Association Found Between Waist Circumference and Dementia

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A large Korean population study recently published in the journal Obesity found that abdominal obesity, as measured by waist circumference, was associated with significantly higher risk of dementia. The study included over 872,000 participants aged 65 years and older.

Participants with waist circumference of 90 centimeters (cm) or above for men and 85 cm or above for women (about 35 and 33.5 inches, respectively) showed a significantly higher risk of dementia even after adjustment for other variables. The lowest risk for dementia was observed in older men with waist circumference of 65 to 70 cm and in older women with waist circumference of 75 to 80 cm. (The particular waist measurements associated with dementia could be different in people of non-Korean ethnicity.)

Results of previous studies on this topic using Body Mass Index (BMI) have varied. The authors of this study point out that the waist circumference measure utilized in their study is a more accurate indicator of harmful abdominal visceral fat (the kind of fat that builds up in and around organs). Keeping body weight down to reduce waist circumference may be a powerful tool in protecting brain health.

14 COMMENTS

  1. Excellent study reviewing the effect of metabolic syndrome. Less food is always beneficial with our evolutionary determined genetics.

  2. I have read this before, but it’s very difficult to know exactly where to measure your waist. Is it just above your hips, where you generally wear your pants, or is it lower, around your belly button? The lower area is, of course, much bigger, especially in senior women. I’d love a definitive reply.

  3. Obesity is also a risk factor for certain types of cardiovascular disease, which in turn is a risk factor for ischemic lesions in the brain, which often results in dementia. Did there authors distinguish among the various types of dementia?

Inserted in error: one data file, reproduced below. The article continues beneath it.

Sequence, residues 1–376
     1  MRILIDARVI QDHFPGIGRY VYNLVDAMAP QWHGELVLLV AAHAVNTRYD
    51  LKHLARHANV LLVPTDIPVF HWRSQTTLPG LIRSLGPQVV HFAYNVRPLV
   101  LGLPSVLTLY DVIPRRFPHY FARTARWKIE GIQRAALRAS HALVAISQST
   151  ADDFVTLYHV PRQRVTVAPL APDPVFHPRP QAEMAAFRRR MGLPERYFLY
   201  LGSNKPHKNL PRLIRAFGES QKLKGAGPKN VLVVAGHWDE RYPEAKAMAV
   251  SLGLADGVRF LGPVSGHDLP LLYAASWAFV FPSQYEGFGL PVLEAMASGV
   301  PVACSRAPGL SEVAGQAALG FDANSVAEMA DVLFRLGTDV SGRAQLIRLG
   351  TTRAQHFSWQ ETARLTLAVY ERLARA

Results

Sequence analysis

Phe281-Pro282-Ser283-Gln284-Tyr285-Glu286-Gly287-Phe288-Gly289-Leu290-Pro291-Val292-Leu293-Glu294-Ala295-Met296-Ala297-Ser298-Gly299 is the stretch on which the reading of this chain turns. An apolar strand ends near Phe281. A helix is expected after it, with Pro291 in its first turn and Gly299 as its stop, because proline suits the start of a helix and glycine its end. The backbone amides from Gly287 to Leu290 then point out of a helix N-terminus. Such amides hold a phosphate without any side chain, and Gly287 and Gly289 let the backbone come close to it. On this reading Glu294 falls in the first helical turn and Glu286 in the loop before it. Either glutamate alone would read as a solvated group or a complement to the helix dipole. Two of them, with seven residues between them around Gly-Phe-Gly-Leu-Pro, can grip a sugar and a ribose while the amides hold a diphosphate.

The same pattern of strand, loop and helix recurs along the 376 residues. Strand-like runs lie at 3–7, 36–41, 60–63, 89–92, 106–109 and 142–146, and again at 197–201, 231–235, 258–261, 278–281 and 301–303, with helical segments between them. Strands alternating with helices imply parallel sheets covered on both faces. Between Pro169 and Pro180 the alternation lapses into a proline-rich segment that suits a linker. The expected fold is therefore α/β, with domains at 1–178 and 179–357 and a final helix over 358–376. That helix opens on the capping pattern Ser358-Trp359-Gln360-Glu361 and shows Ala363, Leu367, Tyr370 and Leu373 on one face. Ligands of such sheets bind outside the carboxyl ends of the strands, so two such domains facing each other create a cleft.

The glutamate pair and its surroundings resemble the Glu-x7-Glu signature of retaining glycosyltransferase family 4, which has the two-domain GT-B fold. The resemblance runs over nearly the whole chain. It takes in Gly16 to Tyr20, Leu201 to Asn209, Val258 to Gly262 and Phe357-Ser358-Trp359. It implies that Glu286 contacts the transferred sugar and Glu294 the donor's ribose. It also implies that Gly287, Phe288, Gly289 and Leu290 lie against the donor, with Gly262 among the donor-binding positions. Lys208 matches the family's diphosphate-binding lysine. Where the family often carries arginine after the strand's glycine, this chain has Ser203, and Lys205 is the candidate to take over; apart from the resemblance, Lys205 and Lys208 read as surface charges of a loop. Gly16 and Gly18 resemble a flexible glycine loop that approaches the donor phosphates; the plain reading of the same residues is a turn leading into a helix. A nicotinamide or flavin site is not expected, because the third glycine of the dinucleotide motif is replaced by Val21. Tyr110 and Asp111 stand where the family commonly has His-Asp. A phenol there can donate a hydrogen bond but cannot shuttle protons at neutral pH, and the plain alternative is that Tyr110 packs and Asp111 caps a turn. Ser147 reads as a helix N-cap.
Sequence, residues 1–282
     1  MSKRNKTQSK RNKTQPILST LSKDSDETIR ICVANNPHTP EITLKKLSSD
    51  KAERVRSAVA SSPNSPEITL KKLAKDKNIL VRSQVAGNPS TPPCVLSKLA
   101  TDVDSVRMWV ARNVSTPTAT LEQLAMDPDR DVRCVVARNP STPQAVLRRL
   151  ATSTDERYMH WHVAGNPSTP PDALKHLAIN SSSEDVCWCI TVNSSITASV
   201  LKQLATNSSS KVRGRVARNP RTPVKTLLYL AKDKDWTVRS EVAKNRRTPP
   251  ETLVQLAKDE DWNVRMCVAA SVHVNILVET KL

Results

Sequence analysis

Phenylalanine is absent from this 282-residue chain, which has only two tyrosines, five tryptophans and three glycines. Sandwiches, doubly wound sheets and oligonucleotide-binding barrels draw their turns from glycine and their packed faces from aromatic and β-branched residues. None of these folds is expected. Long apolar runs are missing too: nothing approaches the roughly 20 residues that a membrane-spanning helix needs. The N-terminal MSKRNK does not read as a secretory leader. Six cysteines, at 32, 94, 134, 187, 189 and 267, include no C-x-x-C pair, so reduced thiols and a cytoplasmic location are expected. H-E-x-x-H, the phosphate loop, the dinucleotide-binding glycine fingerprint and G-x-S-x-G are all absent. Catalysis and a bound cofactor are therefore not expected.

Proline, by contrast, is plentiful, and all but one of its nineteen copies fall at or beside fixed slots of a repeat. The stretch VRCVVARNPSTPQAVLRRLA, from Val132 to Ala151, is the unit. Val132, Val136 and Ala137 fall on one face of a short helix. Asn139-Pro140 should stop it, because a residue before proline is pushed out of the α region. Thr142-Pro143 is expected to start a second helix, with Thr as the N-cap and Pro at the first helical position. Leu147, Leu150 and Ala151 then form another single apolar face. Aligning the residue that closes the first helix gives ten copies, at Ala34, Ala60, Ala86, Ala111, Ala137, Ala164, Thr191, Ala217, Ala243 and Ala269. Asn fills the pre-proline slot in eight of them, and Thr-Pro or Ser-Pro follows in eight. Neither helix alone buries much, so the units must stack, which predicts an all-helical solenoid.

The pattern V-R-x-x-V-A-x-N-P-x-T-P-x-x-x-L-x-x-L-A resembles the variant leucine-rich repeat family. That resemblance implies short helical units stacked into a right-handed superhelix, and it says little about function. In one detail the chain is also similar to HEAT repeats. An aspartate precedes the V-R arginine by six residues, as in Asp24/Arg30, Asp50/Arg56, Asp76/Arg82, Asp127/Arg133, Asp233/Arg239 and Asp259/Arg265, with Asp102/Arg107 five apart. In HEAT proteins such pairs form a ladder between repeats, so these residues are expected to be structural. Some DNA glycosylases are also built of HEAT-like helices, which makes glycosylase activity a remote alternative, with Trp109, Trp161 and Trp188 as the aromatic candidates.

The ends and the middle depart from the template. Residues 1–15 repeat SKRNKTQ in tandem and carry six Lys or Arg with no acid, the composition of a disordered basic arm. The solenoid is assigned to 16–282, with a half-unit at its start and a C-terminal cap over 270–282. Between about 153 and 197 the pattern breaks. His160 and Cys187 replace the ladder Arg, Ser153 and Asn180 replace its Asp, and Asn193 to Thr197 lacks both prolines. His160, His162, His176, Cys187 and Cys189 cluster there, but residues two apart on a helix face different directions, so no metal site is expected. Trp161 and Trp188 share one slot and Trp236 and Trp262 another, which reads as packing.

4. Similar studies have to be done on multiple ethnic groups who vary in the size of their skeletal structure as it is visceral fat that is being indirectly measured and is the apparent direct risk measure for dementia.

  5. I’m 125 pounds and have done every exercise program, including HIIT but the belly fat remains. I am very stressed and I’m told this is the cause (cortisol), but I cant get rid of the causes of my stress. Basically, other people in my life are giving me this stress. (93 year old mother, hard of hearing husband, expenses on mothers house, and more) . I’m a vegan too!

    • Pranayama practices will reduce your stress
      I can help. It is not about money.
      Retired and helping others is my passion

  6. Are we to conclude that abdominal obesity causes dementia?

    Can you tell us where/when the study was published so that we can read the article and see what limitations in the study may exist and what alternative explanations were considered.

  7. The report doesn’t differentiate for people who have varying reasons for having large waistlines.
    In one case, a woman has severe scoliosis (curved spine). The S-curve of the spine is so great that it
    has raised her waistline almost 2″ in the front and back, moving all her organs, including belly, up by 2 inches,
    and wider to almost 40″. In this case, no matter how much she diets, she will never be able to drop or reduce the
    waistline. Certainly, maintaining a good weight is the way to start, but in some cases it won’t change physical
    structure.

  8. I believe genetics plays a HUGE role in physical and mental well being. My mother-in-law is going to be 94 yrs old and she is is 5’1″ and almost 200#. She has much abdominal fat and mentally, she is sharp as a pin! Her memory is incredible! She is definitely a “super ager.” She smoked more than half her life, ate meager amounts of fruits and vegetables, and she continues to eat Pop Tarts for breakfast!

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